My right hon. Friend brings me on to my next point, which is that indirect encouragement is all that is required to lay the foundations of the offence. However, glorification and indirect encouragement are not identical, and the mischief of using the term "glorification" is that it undoubtedly extends further.
In April, the Taoiseach will lead the Irish nation in the celebration and praise of the Easter rising, and I defy the Home Secretary to persuade me or anybody else that that is not glorification within the scope of the law—incidentally, I emphasise that the Taoiseach has good reason to lead such a celebration. That topic is controversial in Ireland: some people see the Easter rising as a historical event that is worthy of commemoration because it was part of a period of national self-assertion, while others see it as a continuing call to arms—although a ceasefire has been declared in Northern Ireland, some individuals do not respect it.
If the Taoiseach were to visit this country after that celebration, he would be in serious difficulty under the Bill as drafted—the Government want the Bill as it is drafted. He would have to accept that the celebration was not without controversy, because some people in Ireland say that it might encourage terrorism. Even under the subjective recklessness test, he would not be free of the possibility that his decision would be impugned. If the law were applied impartially, he would have to be jolly careful, because he is not subject to sovereign immunity when he visits this country, and I think that he would be liable to arrest and prosecution following that celebration.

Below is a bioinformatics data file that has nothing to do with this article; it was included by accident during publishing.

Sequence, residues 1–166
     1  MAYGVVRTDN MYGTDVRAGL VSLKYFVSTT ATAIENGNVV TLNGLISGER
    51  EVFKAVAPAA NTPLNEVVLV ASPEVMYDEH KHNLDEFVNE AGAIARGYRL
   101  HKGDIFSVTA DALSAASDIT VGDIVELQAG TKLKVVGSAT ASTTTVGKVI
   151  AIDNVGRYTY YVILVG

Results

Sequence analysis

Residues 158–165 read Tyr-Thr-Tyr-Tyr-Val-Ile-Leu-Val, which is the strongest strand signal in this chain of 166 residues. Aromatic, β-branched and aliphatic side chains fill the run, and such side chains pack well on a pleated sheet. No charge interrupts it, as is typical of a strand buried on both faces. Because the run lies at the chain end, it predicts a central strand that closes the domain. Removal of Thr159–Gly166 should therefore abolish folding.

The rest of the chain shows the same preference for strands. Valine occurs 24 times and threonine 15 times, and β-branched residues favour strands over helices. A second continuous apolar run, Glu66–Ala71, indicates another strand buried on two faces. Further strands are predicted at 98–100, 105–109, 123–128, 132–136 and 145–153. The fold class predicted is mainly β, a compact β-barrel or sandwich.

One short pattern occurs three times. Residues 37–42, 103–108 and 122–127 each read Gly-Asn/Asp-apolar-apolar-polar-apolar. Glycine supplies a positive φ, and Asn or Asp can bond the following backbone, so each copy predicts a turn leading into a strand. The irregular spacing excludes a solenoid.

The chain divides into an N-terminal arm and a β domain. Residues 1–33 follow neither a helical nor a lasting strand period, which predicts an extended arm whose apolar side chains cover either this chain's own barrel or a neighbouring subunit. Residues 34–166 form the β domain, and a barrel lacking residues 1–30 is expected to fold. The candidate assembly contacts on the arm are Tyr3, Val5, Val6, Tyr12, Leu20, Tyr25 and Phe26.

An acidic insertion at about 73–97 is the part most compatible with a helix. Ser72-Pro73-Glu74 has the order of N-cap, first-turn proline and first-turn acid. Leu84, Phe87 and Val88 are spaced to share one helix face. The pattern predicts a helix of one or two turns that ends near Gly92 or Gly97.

It is a classic example of the crassness of the Government's approach that they should end up with such a ludicrous state of affairs. The only protection that the Taoiseach or anybody else has is that the Government have smiled sweetly and said, "You need not worry, because the exercise of discretion in these matters will mean that no prosecution will actually be brought." That approach is simply ridiculous, when this House can craft legislation that makes sure that such nonsense does not happen and meets the Home Secretary's needs.
The placards outside the Danish embassy have been mentioned several times. Aside from the sensitivities around removing them at the time, have the police said that arrests were not made because there was not an adequate law under which to make them?